Definitions for Socratesˈsɒk rəˌtiz
This page provides all possible meanings and translations of the word Socrates
ancient Athenian philosopher; teacher of Plato and Xenophon (470-399 BC)
A Classical Greek philosopher.
of mostly historical use.
Origin: From Σωκράτης.
Socrates was a classical Greek Athenian philosopher. Credited as one of the founders of Western philosophy, he is an enigmatic figure known chiefly through the accounts of later classical writers, especially the writings of his students Plato and Xenophon and the plays of his contemporary Aristophanes. Many would claim that Plato's dialogues are the most comprehensive accounts of Socrates to survive from antiquity. Through his portrayal in Plato's dialogues, Socrates has become renowned for his contribution to the field of ethics, and it is this Platonic Socrates who lends his name to the concepts of Socratic irony and the Socratic method, or elenchus. The latter remains a commonly used tool in a wide range of discussions, and is a type of pedagogy in which a series of questions are asked not only to draw individual answers, but also to encourage fundamental insight into the issue at hand. Plato's Socrates also made important and lasting contributions to the fields of epistemology and logic, and the influence of his ideas and approach remains a strong foundation for much western philosophy that followed.
The Nuttall Encyclopedia
Athenian philosopher, pronounced by the Delphic oracle the wisest of men; was the son of Sophroniscus, a statuary, and Phænarete, a midwife; was brought up to his father's profession, in which it would seem he gave promise of success; he lived all his days in Athens, and gathered about him as his pupils all the ingenuous youth of the city; he wrote no book, propounded no system, and founded no school, but was ever abroad in the thoroughfares in all weather talking to whoso would listen, and instilling into all and sundry a love of justice and truth; of quacks and pretenders he was the sworn foe, and he cared not what enmity he provoked if he could persuade one and another to think and do what was right; "he was so pious," says Xenophon in his "Memorabilia," "that he did nothing without the sanction of the gods; so just, that he never wronged any one, even in the least degree; so much master of himself, that he never preferred the agreeable to the good; so wise, that in deciding on the better and the worse he never faltered; in short, he was the best and happiest man that could possibly exist;" he failed not to incur enmity, and his enemies persecuted him to death; he was charged with not believing in the State religion, with introducing new gods, and corrupting the youth, convicted by a majority of his judges and condemned to die; thirty days elapsed between the passing of the sentence and its execution, during which period he held converse with his friends and talked of the immortality of the soul; to an offer of escape he turned a deaf ear, drank the hemlock potion prepared for him with perfect composure, and died; "the difference between Socrates and Jesus Christ," notes Carlyle in his "Journal," "the great Conscious, the immeasurably great Unconscious; the one cunningly manufactured, the other created, living and life-giving; the epitome this of a grand and fundamental diversity among men; but did any truly great man ever," he asks, "go through the world without offence, all rounded in, so that the current moral systems could find no fault in him? most likely never" (469-399 B.C.).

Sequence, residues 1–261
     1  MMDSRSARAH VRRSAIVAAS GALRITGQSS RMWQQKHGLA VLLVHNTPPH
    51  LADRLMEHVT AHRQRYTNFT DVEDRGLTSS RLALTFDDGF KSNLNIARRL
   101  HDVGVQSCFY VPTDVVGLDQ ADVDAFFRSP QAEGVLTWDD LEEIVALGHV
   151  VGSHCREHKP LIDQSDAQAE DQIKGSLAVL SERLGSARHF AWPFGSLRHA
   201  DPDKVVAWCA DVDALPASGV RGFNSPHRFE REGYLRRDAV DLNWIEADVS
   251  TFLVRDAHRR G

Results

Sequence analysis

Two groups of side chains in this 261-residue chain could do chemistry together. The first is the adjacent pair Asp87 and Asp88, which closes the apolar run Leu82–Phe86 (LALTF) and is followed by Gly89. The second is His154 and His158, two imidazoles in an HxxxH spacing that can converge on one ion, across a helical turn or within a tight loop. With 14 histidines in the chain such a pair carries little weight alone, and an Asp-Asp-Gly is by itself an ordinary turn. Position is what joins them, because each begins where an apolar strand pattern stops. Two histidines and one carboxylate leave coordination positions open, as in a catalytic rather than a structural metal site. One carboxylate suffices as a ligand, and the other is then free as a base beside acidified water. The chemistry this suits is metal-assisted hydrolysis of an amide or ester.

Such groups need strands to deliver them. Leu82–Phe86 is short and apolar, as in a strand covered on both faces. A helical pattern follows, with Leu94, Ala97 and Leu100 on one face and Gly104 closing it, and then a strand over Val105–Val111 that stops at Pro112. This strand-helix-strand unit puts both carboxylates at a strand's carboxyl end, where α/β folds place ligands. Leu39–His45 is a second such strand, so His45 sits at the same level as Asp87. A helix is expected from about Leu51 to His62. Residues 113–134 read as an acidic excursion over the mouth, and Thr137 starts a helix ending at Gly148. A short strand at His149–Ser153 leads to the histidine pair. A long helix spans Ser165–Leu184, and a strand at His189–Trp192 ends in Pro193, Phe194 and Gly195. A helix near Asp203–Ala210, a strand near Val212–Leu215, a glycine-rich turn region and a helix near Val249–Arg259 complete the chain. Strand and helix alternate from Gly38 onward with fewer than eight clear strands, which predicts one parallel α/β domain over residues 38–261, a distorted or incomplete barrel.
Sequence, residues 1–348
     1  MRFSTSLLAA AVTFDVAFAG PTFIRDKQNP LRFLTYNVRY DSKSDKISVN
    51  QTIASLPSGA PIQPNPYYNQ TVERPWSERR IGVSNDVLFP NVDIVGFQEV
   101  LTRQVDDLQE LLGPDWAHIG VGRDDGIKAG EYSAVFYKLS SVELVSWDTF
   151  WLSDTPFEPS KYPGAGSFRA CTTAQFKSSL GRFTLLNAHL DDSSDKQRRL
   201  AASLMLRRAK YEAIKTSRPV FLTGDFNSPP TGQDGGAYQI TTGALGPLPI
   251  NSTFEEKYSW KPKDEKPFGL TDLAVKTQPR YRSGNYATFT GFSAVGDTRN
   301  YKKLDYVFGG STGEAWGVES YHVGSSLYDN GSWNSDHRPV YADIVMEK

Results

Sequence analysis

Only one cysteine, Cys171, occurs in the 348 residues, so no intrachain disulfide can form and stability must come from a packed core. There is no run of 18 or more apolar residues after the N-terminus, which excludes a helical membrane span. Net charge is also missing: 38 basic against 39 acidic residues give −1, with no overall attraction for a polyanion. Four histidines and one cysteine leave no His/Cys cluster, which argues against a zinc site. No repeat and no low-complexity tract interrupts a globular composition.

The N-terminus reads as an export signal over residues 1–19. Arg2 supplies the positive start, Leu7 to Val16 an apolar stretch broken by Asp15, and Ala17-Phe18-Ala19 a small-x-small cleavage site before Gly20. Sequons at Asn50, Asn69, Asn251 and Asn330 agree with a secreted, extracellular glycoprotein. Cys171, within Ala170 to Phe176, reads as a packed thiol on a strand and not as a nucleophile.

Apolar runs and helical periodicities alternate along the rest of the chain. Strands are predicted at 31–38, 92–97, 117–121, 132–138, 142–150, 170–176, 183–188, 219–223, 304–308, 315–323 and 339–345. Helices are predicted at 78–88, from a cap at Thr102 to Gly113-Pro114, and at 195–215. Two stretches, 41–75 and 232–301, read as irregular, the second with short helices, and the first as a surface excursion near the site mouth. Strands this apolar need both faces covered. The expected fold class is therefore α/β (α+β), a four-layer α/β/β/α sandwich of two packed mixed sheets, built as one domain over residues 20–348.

Church historian of the 4th century, born at Byzantium; bred to the bar; his "Ecclesiastical History" embraces a period from 306 to 439, a work of no great merit.
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